Obesity and Type 2 Diabetes


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About 422 million people around the world, including more than 30 million Americans, have diabetes. Approximately ninety percent of them have type 2 diabetes. People with this condition cannot effectively use insulin, a hormone made by the pancreas that helps the body turn blood sugar (glucose) into energy.

The inability to use insulin, called insulin resistance, results in increasing levels of blood sugar, which, if not controlled, can significantly raise the risk of major health problems such as blindness, kidney failure, heart attacks, stroke and lower limb amputation.         In 2015, the World Health Organization estimated that 1.6 million deaths were directly caused by diabetes. Until recently, this type of diabetes was only seen in adults, but it is now also occurring increasingly and more frequently in children.

Obesity is the most significant risk factor for type 2 diabetes and other metabolic conditions, and affects one in three adults worldwide.

The secret to managing type 2 diabetes isn’t found in a pill. In most cases, the best way to treat type 2 diabetes is by practicing healthy habits on a regular basis.

Keeping close tabs on your diet is a major way to help manage type 2 diabetes. A healthy diet for people with type 2 diabetes includes vegetables, whole grains, beans, fresh fruit, lean meats, and low-fat dairy.

Focus on eating fruit and non-starchy vegetables, like broccoli, carrots, and lettuce, and having smaller portions of starchy foods, meats, and dairy products. Be especially careful about loading up on foods that are high on the glycemic index (GI) and especially the glycemic load (GL), systems that rank foods according to how they affect glucose levels.

High glycemic index foods are going to be primarily processed foods. Those processed foods tend to have more white sugar and flour in them, which are higher on the GI. Foods lower on the GI include vegetables, especially non-starchy vegetables, like broccoli, cauliflower, and leafy greens and whole-grain products, such as brown rice (as opposed to white rice).

Exercise Regularly as Part of Your Type 2 Diabetes Treatment Plan                                    The more intense the exercise, the better. High-intensity interval training (HIIT) may be better for weight loss and glucose control than continuous aerobic activity like jogging. HIIT involves alternating between short bursts of increased intensity exercise and rest — for instance, running and then walking on and off throughout the workout.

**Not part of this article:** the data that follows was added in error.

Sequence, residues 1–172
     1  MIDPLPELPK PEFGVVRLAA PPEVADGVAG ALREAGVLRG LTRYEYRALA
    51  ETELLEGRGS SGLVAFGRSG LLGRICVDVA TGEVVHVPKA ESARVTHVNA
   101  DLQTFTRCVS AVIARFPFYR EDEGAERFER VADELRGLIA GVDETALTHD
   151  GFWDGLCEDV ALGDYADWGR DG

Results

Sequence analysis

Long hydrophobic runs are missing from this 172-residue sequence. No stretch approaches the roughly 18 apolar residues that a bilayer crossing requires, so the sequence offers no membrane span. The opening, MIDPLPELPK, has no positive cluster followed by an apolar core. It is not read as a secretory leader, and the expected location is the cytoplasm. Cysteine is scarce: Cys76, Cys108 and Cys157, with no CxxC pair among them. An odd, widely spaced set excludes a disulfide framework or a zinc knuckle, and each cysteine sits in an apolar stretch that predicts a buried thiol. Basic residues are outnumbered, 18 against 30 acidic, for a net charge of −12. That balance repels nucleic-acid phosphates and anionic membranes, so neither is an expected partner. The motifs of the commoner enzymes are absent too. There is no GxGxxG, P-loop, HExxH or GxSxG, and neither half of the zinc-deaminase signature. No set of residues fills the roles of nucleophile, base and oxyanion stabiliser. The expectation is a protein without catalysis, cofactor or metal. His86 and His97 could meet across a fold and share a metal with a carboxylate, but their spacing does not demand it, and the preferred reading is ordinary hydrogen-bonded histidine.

Regular weightlifting sessions can also help keep blood sugar levels steady. Use weights or resistance bands for 30 to 45 minutes two or three times a week. The CDC recommends getting at least 150 minutes a week of brisk walking or a similar activity, which comes out to about 30 minutes a day, five times per week.

 

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Calories in Nuts


NUTSNuts. There are lots of them. And a lot to know about their nutritional content.

Nuts are healthy, but can also be high in calories. The nutritional values to your health differ wildly between types, and it can depend on whether the nuts are raw or roasted, plain or salted, etc.

So how do you know whether or not you should eat nuts – and which nuts – in order to lose weight or maintain a healthy diet with all the right nutrients?

Here is your chart for calories in nuts.

100 grams calories %
calories fat carbs fiber sugar protein fat carbs protein
Chestnuts 213 2 46 8 11 2 10% 81% 4%
Cashews 553 44 33 3 6 18 67% 20% 12%
Pistachio 557 44 28 10 8 21 72% 11% 15%
Peanuts 567 49 16 8 4 26 76% 4% 18%
Almonds 575 49 22 12 4 21 78% 5% 15%
Hazelnuts 628 61 17 10 4 15 86% 3% 9%
Walnuts 654 65 14 7 3 15 87% 3% 9%
Brazil nuts 656 66 12 8 2 14 89% 1% 8%
Pine nuts 673 68 13 4 4 14 87% 5% 8%
Pecans 691 72 14 10 4 9 93% 1% 5%
Macadamia 718 76 14 9 5 8 93% 1% 4%

Given the broad range of nutritional content of nuts, the categorization of simply being a “nut” is a woefully inadequate classification. For example, some nuts are low in fat and very starchy, like chestnuts, whereas others are high fat and low carb, like macadamia nuts. Most, however, can be incorporated into a healthy diet.

Lowest & Highest Calorie Nuts – There are so many ways to talk about the nutritional content of nuts, so I decided to tackle this by weight, i.e., per 100 grams. This is about 3.5 ounces or roughly two-thirds of a cup on average – a handful. Keep in mind that for some nuts, this is more of a small meal than a big snack. The amount of calories in 100 grams of nuts ranges from 213 for chestnuts all the way to 718 for macadamia nuts – a difference primarily driven by the fat content. The protein and fat in nuts are what have the potential to help you stick to your diet and feel full if you use them in small portions as snacks.

Nuts With The Most Fiber – Almonds have the most fiber (12% w/w, or 12 g/100g) and cashews & pine nuts the least (3-4%). Chestnuts have the most sugar and Brazil nuts the least. Lastly, peanuts, almonds, and pistachios have the most protein (21-26%) and chestnuts the least (2%).